Emotions play a central role in every human life, from the moment we are born until we die. They prepare the body for action, guide decisions, and highlight what should be noticed and remembered. Since emotions are central to daily functioning and well-being, it is important to understand the extent to which aging affects the perception of, attention to, memory for, as well as experience and regulation of emotions.
An early scientific view of how people's emotions are affected by aging argued that aging led to a deterioration of emotional function. This theory, represented by for example Carl Jung (1875-1961), claimed that old age is a period of life when people feel an increased emotional sameness and less emotional energy. According to this scientific view, the aging emotional landscape was bleached, barren, and flattened. Current psychological research, however, shows that emotion is rather a psychological domain that is relatively unaffected by the aging process or even improves with age, in contrast to most cognitive functions. For example, even though there is evidence that aging is associated with deficits in emotion recognition, various emotional functions seem to remain intact or become better with age, such as the ability to regulate one’s emotions or the extent of experiencing positive emotions. However, more research is needed to determine brain and behavior related, quantitative and qualitative age-related changes of different aspects of emotion processing and emotional functioning.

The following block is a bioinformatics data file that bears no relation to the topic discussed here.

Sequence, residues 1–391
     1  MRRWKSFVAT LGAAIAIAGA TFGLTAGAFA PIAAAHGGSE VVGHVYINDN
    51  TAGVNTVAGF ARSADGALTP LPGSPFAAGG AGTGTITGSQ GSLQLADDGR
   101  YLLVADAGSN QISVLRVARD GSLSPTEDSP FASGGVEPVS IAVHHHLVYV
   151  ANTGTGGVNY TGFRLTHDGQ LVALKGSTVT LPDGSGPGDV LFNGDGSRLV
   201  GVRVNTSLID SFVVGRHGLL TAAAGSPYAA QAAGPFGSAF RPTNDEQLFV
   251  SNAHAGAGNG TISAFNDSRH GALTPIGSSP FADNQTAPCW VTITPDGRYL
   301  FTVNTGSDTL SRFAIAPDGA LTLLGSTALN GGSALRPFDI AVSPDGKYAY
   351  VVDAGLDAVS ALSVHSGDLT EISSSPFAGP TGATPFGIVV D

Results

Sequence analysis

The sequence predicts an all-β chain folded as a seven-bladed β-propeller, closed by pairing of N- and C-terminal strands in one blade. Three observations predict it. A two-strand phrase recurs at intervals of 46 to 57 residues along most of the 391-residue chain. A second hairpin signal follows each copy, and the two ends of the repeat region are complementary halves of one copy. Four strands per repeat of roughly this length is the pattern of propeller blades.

In the current Frontiers research topic we aim to present exciting new findings related to the effects of healthy aging on both more perceptually driven bottom-up as well as more cognitively driven top-down aspects of emotions. In particular, questions such as the following need to be raised and addressed: What neural and behavioral processes are underlying age differences in emotion perception and memory for emotional information? Are there differences between how older and younger adults experience and regulate their emotions, and what drives these differences? Is there a gradual reduction or more of a qualitative change of our emotional experiences over the life cycle, from the turbulent childhood and youth to the mellower old age? And what aspects of age-related changes in emotional processing can be explained by age-related changes in the brain, and which are more affected by other factors such as changes in other body systems, in experiential processes, or in overall life goals?
Important Note: All contributions to this Research Topic must be within the scope of the section and journal to which they are submitted, as defined in their mission statements. Frontiers reserves the right to guide an out-of-scope manuscript to a more suitable section or journal at any stage of peer review.
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